17 March 2021 at 16:48 UTC
Updated: 17 March 2021 at 17:21 UTC
Teams, Exchange Online, and other services were knocked offline for more than 14 hours
Microsoft has blamed a key rotation issue for a large-scale 365 outage that affected many of its services on Monday and Tuesday.
The outage – which took down Teams, Exchange Online, and other 365 services – kicked in at around 19:00 UTC on Monday and was only resolved more than 14 hours later, at around 09:25 on Tuesday.
Problems in the periodic rotation of cryptographic keys caused authentication checks to fail for any application that relied on Azure Active Directory, causing problems that persisted overnight until engineers were able to apply a fix.
In a status update, Microsoft explained that the authentication problems arose because a key marked for retention had erroneously been deleted by the system. This caused particular problems because the key was needed to manage a migration project, as the company explained:
The preliminary analysis of this incident shows that an error occurred in the rotation of keys used to support Azure AD’s use of OpenID and other identity standard protocols for cryptographic signing operations. As part of standard security hygiene, an automated system on a time-based schedule removes keys that are no longer in use.
Over the last few weeks, a particular key was marked as “retain” for longer than normal to support a complex cross-cloud migration. This exposed a bug where the automation incorrectly ignored that “retain” state, leading it to remove that particular key.
Azure Admin Portal, Teams, Exchange, Azure KeyVault, SharePoint, and Storage were all effected to a lesser or greater extent by the problem.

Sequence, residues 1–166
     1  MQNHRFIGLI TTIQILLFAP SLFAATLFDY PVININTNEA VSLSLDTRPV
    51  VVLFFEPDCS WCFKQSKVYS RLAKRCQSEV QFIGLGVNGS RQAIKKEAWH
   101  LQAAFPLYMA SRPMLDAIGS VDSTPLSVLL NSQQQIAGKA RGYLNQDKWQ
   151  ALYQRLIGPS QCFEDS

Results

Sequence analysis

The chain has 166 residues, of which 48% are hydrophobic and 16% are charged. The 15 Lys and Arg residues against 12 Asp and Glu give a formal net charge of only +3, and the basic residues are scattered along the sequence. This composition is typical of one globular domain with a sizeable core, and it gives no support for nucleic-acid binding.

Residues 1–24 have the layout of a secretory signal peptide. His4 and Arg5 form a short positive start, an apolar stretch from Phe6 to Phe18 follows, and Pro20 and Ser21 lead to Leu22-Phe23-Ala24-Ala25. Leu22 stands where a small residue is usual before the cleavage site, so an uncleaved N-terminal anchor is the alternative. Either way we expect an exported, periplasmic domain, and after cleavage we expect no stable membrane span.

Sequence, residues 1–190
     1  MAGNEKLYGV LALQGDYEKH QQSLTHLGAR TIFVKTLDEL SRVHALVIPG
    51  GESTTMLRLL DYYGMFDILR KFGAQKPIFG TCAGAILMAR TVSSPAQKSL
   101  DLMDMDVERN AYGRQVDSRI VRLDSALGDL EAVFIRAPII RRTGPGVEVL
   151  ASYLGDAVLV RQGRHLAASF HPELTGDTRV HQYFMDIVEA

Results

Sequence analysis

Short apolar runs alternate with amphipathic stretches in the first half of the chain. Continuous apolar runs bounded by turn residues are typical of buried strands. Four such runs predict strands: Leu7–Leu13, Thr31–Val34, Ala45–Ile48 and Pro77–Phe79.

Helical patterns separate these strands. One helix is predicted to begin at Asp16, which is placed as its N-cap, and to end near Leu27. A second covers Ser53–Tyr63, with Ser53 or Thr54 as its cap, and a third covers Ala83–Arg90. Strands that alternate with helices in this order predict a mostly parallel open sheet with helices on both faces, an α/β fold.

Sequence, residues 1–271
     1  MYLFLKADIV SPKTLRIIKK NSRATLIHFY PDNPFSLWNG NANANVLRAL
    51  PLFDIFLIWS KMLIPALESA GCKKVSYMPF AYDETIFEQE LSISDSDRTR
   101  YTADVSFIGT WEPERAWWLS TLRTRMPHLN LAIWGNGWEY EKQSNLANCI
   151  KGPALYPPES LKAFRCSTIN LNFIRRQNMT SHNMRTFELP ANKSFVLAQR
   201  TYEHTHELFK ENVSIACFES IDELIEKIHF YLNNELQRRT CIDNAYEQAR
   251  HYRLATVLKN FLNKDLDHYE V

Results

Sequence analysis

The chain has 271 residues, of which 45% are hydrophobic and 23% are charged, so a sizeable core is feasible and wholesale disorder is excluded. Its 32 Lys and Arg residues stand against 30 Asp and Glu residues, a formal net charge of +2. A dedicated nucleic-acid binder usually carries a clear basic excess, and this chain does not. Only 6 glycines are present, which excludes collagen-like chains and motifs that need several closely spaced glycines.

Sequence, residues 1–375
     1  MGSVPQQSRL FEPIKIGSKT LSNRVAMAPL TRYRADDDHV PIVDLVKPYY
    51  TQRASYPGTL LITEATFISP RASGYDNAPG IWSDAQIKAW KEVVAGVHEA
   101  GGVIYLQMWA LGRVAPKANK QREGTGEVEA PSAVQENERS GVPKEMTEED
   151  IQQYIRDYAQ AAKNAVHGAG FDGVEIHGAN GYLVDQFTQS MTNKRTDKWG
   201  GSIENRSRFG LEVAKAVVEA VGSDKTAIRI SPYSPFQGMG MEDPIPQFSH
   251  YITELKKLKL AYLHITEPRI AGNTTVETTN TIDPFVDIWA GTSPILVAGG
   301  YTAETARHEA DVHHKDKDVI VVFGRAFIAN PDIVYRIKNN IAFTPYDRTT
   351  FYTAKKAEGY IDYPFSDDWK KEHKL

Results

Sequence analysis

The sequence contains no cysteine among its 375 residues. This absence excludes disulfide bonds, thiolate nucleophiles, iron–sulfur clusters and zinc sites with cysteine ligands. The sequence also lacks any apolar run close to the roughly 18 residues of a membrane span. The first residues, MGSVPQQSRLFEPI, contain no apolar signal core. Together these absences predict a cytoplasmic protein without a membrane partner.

Security vendor Venafi warned that outages of this nature are likely to become more common as digital transformation accelerates, thus heightening the importance of key rotation.
Michael Thelander, director of machine identity strategy at Venafi, commented: “Poorly orchestrated key rotation is the Achilles heel of modern digital transformation efforts; this oversight is capable of bringing down entire applications and services in an instant.
“Keys and certificates have numerous ‘states’ that guide their automation and orchestration processes. They also have hard-coded expirations.
“‘Retain’ is a tag that tells the system, ‘This key may be retired or expired, but the system needs to keep it to enable any overlap between dynamic processes’.
“If the ‘retain’ tag is overlooked and the keys are deleted before replacements are ready – and this all happens in microseconds – systems fail,” he added.
Thelander concluded: “Unfortunately, these kinds of outages will only continue until organizations adopt an enterprise-wide approach to managing the machine identities these keys and certificates represent.
“Digital transformation is not going to slow down, and this requires automation of keys and certificates found in workloads, containers, and across cloud environments as well as those in on-prem environments.”